Whitman news since 1896

Whitman Wire

Vol. CLIV, Issue 9
Whitman news since 1896

Whitman Wire

Whitman news since 1896

Whitman Wire

‘Phil-zombies’ populate assistant professor Hanrahan’s lecture

“But how can we be sure that we aren’t zombies?”

It’s a question that might not pop up in your everyday lectures, but students raised it immediately following Associate Professor of Psychology Rebecca Hanrahan’s presentation on “The Problem with Zombies” on Tuesday, Oct. 16.

And unlike most lectures, this one began with a clip from British comedy film “Shaun of the Dead.”

Hanrahan used the clip: which featured Shaun mistaking a zombie for a drunk person: to introduce the idea of the “best explanation,” which she said is a way people explain or rationalize events based upon prior experience or context.

A foundation of the lecture was the distinction and inherent contradiction between dualism and materialism.

Materialism, according to a handout from the lecture, says that “there is only one kind of stuff and/or property in this world and it is physical in nature…everything that exists, exists in space and time. Consequently, everything in this world, including us, can be fully accounted for by our scientists.”

Dualism, on the other hand, suggests that “this world is constituted by more than the physical…no purely physical explanation of this world could account for all that is in this world…to explain us, we need to posit another kind of stuff or property,” according to Hanrahan’s notes.

The talk centered on the concept of the “phil-zombie” raised by philosopher David Chalmers, who argues for dualism and against materialism based upon the conceivability of a world populated by our zombie twins, explained Hanrahan, who added that her twin would also be a big fan of chocolate chip cookies.

“Phil-zombies are creature who share our physiology and psychology but lack our phenomenology,” Hanrahan said, and thus do not actually experience any sensations, though they think they do. “They are not George Romero Hollywood zombies, who seem to get pleasure from eating flesh,” she added.

Hanrahan’s argument dealt with the way in which Chalmers’ argument suffers because of the variability of conceivability from person to person, and how this problem is impacted by the “best explanation.”

The talk was well-attended, with every seat filled and students sitting on the ground or standing in the back.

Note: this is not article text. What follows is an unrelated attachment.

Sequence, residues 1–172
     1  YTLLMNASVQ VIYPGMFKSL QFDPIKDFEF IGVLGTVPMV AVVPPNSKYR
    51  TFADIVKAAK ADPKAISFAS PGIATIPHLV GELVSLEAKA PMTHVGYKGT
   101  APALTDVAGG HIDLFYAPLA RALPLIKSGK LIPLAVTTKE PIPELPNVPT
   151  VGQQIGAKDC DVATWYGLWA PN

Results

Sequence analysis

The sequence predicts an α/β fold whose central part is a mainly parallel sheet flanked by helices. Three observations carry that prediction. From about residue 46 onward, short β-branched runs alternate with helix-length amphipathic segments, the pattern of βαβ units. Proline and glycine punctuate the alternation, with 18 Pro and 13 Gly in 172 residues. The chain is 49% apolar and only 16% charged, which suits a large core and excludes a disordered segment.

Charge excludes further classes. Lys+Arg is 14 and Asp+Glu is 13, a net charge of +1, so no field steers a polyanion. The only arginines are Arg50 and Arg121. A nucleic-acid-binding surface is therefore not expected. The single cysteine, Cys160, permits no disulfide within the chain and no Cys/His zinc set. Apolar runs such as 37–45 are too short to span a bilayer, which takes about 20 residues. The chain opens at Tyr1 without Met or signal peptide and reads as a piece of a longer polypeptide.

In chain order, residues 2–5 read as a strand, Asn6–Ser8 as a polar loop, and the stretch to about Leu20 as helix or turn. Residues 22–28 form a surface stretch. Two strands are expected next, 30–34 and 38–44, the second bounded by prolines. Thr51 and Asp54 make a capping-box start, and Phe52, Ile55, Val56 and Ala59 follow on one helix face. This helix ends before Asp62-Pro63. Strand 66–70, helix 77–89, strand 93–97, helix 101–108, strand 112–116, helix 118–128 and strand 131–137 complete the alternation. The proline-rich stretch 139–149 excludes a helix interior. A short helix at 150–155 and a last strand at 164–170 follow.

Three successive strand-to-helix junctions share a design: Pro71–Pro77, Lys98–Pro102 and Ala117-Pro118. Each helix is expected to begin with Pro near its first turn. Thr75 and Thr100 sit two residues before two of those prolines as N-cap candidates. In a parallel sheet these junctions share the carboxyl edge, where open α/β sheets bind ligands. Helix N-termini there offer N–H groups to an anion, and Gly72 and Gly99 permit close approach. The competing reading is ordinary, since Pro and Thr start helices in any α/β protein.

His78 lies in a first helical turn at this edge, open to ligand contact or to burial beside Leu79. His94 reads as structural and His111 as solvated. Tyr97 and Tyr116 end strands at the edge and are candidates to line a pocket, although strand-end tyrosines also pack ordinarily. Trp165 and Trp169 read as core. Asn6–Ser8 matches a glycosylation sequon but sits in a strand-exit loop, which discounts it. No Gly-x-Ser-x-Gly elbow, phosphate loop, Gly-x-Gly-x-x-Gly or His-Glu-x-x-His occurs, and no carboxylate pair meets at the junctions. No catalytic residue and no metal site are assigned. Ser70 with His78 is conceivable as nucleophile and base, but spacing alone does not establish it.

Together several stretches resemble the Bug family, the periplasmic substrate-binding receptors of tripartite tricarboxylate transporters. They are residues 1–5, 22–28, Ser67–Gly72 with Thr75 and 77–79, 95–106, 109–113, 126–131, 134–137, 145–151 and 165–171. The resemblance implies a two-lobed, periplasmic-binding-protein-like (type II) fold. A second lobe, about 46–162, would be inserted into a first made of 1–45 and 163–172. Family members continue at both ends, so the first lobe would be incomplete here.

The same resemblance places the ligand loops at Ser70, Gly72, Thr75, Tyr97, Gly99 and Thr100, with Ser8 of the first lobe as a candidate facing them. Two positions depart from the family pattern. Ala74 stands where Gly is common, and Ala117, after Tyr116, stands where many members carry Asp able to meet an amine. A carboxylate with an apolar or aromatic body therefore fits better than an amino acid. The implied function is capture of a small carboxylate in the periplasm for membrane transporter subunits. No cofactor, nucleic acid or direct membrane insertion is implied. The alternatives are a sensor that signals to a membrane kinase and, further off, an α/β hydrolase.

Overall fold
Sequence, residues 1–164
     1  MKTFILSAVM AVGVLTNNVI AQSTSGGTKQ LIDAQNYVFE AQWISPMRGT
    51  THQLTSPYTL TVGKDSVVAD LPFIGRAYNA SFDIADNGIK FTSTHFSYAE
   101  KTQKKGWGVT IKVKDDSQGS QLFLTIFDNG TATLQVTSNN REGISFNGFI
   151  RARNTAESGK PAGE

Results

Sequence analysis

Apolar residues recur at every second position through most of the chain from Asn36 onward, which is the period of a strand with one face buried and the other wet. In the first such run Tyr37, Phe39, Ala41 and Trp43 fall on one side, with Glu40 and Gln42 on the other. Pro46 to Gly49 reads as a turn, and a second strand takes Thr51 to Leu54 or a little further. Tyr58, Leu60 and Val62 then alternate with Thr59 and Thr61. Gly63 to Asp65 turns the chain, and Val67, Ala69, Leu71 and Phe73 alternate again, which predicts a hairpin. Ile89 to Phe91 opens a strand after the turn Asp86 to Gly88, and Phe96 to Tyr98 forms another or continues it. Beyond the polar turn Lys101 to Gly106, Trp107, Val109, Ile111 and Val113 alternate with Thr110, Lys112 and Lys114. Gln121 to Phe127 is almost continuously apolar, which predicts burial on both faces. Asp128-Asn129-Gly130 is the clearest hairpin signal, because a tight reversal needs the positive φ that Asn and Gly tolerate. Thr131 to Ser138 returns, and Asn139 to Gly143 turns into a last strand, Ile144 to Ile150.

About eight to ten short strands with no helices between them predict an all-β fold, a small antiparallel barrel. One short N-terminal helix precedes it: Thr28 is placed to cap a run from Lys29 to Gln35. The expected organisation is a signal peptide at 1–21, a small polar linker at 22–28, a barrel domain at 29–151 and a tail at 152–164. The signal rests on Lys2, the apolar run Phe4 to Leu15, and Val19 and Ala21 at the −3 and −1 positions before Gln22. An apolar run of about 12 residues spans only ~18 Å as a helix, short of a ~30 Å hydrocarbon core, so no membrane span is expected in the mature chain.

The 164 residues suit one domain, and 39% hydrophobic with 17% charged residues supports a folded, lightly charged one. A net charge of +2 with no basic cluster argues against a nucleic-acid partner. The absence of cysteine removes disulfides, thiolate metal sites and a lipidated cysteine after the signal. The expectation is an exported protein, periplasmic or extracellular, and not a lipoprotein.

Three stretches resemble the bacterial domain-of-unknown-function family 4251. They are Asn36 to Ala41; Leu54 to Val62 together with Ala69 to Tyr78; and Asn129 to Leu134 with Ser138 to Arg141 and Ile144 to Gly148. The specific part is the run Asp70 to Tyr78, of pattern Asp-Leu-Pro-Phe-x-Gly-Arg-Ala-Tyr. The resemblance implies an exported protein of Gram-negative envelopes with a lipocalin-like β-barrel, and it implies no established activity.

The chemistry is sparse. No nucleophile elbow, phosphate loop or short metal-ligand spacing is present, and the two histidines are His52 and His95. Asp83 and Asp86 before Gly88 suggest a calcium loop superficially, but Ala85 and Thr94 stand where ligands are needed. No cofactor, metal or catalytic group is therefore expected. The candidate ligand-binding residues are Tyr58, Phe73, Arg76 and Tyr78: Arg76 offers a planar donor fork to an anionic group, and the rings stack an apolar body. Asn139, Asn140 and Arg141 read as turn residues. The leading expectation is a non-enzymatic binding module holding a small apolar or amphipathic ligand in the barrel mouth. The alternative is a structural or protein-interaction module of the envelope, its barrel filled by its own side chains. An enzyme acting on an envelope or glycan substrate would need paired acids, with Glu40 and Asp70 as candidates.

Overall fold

“It was a good talk, but I felt cheated because I thought it’d be about actual zombies. Flesh-eating killing machines are slightly more interesting than non-feeling reacting machines,” said senior Colin Malloy.

The lecture is part of a series offered by the philosophy department. This is one of four lectures this fall, with several more scheduled for the spring semester.

“Our hope is to foster the strength of the major by creating a new space for intellectual conversation and intellectual community” said Adjunct Instructor of Philosophy and General Studies Julia Davis in an e-mail.

Davis will give a lecture about Martin Heidegger on Nov. 27. The next lecture is scheduled for Nov. 6, when Professor Tom Davis will lecture on “Emersonian Perfectionism.”

The lectures serve as a bridge between faculty and students. “I feel that students have a great deal of interest in hearing what their professors are doing in their own research lives,” Julia Davis said. “This is something that bringing in an outside speaker doesn’t answer, and can strengthen the classroom dynamic by exposing students to other dimensions of what their professors are ‘about.'”

The lectures are also intended to be somewhat accessible to students from different backgrounds. “The talks are meant to be of general interest, but profile the philosophy faculty’s interests and current research,” Davis said. “We’re trying to split the difference between giving a technical talk and engaging students over other aspects of scholarly lives.”

Despite this, some students expressed confusion. “It was engaging,” said sophomore Katie Higgins, “but at the same time it was hard for me to follow.”

“I was hung up on the difference between feeling and believing,” Malloy said.

Students were, however, given the opportunity to ask questions, both in the lecture hall and in the Faculty Lounge soon afterwards, with coffee and desserts. Students took advantage of this, and many people mingled and discussed Hanrahan’s argument.

The subject matter was certainly an attraction for some attendees. “I came to this talk because it’s about zombies,” said Malloy.

“While I think it feels like a strange or unique topic to Whitman students, it is simply topical within analytic epistemology right now,” Davis said. “Topics are selected based on the professor’s current interests and projects, as well as the desire to expose students to those projects as a dimension of our lives as both scholars and teachers. We hope students come because these lectures are about the ‘life of the mind,’ and because they’re curious, rather than pandering to attendance.”

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